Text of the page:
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Showing posts from 2021

Book-To-Movie: ‘The Lawnmower Man’

Credit: Pixabay Warning: This review may contain spoilers. In past Book-To-Movies, we’ve reviewed several movie adaptations of books and short stories by famous science fiction and horror authors. All those films have stuck to the plot of the original work to at least some recognizable degree. But this week’s Book-To-Movie will be the first to review a film that does a poor job of staying faithful to the original plot. The film is 1992’s “The Lawnmower Man” which is based on Stephen King’s short story of the same name. Even so, the movie is a really good one. So then what’s the problem? The problem is that it’s hardly an adaptation and so more its own story simply with the title of King’s short work slapped onto it.  ‘The Lawnmower Man’: The Short Story Stephen King’s “The Lawnmower Man” originally appeared in “Cavalier” magazine in 1975 and was then collected into his book of short fiction, “Night Shift” the following year. The story’s protagonist is a middle-aged husband and dad by t

Interview with Author Jacqui Murray

Photo Credit: Pixabay   As a science fiction writer, I’ve always had a fascination with the prehistoric. It’s often been the subject of pulp fiction and b movies and so, more often than not, has been romanticized with human and dinosaur existing side by side, almost never harmoniously. Such stories can be considered what we now call alternative historic fiction, or in this case alternative pre historic fiction. This is because science has proven that humans did not come along until millions of years after the dinosaurs went extinct. Yet, there are a lot of great books and films out there that depict early humans in a much more realistic manner than the pulps and b films. For example, there’s Jean Auel’s novel, “The Clan of the Cave Bear”, which was adapted into a 1986 film. There’s also Jacqui Murray’s “Dawn of Humanity” series of books, the latest of which is “Laws of Nature”. I had the pleasure of interviewing Jacqui for tonight’s post.  Photo Credit: Courtesy of Jacqui Murray "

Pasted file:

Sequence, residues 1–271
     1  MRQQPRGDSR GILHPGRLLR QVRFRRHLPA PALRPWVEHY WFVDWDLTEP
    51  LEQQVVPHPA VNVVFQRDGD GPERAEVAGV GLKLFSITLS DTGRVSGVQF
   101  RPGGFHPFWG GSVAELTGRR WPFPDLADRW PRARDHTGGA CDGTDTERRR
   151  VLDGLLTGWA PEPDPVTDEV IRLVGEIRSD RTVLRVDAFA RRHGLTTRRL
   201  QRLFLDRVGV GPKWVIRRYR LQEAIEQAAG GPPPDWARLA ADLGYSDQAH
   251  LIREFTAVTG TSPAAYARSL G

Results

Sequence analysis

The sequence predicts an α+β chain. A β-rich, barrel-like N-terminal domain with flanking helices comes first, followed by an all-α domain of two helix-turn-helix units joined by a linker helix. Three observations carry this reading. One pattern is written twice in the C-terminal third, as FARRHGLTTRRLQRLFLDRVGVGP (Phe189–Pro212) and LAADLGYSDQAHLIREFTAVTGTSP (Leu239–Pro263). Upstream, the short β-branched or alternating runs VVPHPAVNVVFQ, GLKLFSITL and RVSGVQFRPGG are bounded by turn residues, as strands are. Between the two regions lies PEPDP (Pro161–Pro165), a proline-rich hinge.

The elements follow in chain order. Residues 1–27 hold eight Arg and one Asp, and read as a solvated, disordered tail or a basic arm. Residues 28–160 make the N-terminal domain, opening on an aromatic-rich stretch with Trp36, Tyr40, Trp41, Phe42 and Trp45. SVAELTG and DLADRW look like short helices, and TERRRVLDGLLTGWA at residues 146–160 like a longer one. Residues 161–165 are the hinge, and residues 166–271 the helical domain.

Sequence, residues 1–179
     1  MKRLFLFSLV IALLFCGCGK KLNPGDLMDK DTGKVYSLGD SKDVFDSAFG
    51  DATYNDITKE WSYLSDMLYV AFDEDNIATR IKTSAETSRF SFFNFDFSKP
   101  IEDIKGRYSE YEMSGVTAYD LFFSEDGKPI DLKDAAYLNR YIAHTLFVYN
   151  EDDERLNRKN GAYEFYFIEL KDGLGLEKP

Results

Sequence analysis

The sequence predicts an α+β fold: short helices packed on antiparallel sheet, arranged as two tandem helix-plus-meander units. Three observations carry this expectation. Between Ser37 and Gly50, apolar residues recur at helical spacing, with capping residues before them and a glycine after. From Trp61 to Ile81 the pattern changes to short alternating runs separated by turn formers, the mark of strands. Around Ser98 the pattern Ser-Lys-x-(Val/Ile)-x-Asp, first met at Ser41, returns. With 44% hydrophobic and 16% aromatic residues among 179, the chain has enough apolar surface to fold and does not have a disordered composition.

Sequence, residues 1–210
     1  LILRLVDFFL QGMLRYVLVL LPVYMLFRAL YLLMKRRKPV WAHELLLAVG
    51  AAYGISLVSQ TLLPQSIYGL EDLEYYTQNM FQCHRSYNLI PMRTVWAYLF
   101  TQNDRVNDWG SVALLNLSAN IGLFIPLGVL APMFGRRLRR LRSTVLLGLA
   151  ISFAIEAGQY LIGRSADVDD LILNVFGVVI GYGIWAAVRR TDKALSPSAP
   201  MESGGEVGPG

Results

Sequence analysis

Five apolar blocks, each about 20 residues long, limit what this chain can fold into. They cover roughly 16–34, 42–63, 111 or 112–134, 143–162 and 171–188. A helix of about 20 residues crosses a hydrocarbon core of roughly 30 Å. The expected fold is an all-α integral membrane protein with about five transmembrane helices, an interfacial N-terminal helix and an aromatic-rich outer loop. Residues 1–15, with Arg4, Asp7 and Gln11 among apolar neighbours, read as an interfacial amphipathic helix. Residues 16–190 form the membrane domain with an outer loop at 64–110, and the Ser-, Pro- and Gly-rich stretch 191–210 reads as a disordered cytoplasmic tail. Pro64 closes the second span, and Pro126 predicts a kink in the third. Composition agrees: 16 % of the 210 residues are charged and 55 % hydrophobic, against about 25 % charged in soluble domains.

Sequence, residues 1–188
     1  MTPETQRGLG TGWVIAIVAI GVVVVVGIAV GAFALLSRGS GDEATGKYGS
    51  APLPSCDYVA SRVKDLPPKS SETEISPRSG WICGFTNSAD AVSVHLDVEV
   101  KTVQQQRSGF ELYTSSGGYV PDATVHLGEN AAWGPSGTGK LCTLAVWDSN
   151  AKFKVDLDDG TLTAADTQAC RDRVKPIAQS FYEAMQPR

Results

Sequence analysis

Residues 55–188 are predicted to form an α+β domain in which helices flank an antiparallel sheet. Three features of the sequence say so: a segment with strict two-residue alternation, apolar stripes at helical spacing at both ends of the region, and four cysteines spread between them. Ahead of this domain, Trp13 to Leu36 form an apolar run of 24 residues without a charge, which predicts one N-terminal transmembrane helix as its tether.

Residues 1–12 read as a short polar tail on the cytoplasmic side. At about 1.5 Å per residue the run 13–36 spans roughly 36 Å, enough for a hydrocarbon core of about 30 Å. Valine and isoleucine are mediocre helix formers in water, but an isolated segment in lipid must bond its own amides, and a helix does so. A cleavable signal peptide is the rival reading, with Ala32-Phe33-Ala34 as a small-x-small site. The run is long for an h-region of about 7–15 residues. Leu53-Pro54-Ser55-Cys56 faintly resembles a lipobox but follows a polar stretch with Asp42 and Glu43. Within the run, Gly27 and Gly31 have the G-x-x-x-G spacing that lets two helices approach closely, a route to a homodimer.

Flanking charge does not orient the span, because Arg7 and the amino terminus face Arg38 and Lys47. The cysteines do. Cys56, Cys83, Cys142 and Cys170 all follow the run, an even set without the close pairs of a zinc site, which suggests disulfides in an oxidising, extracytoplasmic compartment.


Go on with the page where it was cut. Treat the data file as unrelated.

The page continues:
Insecure Writers’ Support Group: Writing Around a Day Job

  It’s the first Wednesday of the month and so it’s time for another Insecure Writers Support Group (IWSG)  post! In an IWSG post, we writers bring our writing challenges and problems out into the open to share with each other and try to offer solutions. Making Time to Write When Working a Day Job After four months, I finally returned to the work place of my day job yesterday! I had been teleworking part of the time during those four months and the rest of the time I was either in the hospital or recovering at home. It was so good to get back to my place of employment and see the familiar faces that I had missed during my time off.  But with a day job comes less writing time. Generally, “day job” is defined by us artists and writers as a job unrelated to our creative and artistic work. When I was teleworking I was doing so on a limited schedule and so had more time to write, but since I’ve returned to my workplace and regular schedule I have less time. So, I have to be very thorough a

‘Alien’ TV Series; Newsletter #2; Smashwords Summer Book Sale

Credit: I received my second dose of the Covid shot yesterday. Even though I didn’t get sick from it like some people have, I woke up with muscle soreness this morning and have had it all day. So, I’m going to take it easy today and keep this post short with a little sci fi news and updates. Also, it’s a holiday weekend, so we all deserve to take at least a small break. I’ll mostly be working on my short stories for my upcoming   collection throughout the weekend. ‘Alien TV Series in the Works Noah Hawly, producer of the Hulu series, “Fargo”, is coming out with a TV series based on the “Alien” movies. Like “Star Wars”, The original 1979 “Alien” spawned an entire franchise of sequels, prequels and retail items. The franchise came out with action figures, bubble gum trading cards, games, comics and even prose fiction books. And now, also like the “Star Wars” franchise with its “Mandalorian” series, it’s finally coming out with a TV series. According to Hawly in a “Vanity Fai

Book-To-Movie: Hammer’s ‘Hound of the Baskervilles’

Credit: Pixabay No, I’m not reposting the Book-To-Movie from three months ago. This week’s Book-To-Movie is reviewing a different film adaptation of Arthur Conan Doyle’s “The Hound of the Baskervilles”. Last time, we reviewed the 1939 adaptation starring Basil Rathbone. This time we’re reviewing Hammer Studios’ 1959 version starring that other big name in horror, Peter Cushing. Last time, I said I hadn’t seen this version. But only a week ago I came across it on the streaming video website, Tubi . It was under the category of movies that are “Leaving Soon”. So, I thought if I wanted to see it for free then I’d better watch it right away and so did. (Don’t get me wrong, I don’t always go cheap. But, hey, who doesn’t like freebies?) This movie wasn’t a bad adaptation of the book. In fact, it only fell short of matching the quality of the 1939 film by a couple details.  The Book Because we went over the book, “The Hound of the Baskervilles”, in the earlier Book-To-Movie, I’m only going t